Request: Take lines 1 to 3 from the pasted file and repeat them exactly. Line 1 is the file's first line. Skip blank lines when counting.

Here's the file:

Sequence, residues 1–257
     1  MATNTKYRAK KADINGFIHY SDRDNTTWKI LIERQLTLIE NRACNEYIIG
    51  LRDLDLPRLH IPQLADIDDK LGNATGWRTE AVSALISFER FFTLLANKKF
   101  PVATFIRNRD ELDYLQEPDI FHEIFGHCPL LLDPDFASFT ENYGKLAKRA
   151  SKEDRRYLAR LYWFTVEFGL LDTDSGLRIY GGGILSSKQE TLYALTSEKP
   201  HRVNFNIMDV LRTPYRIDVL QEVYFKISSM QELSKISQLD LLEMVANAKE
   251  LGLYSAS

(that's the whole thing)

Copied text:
Sequence, residues 1–257
     1  MATNTKYRAK KADINGFIHY SDRDNTTWKI LIERQLTLIE NRACNEYIIG
    51  LRDLDLPRLH IPQLADIDDK LGNATGWRTE AVSALISFER FFTLLANKKF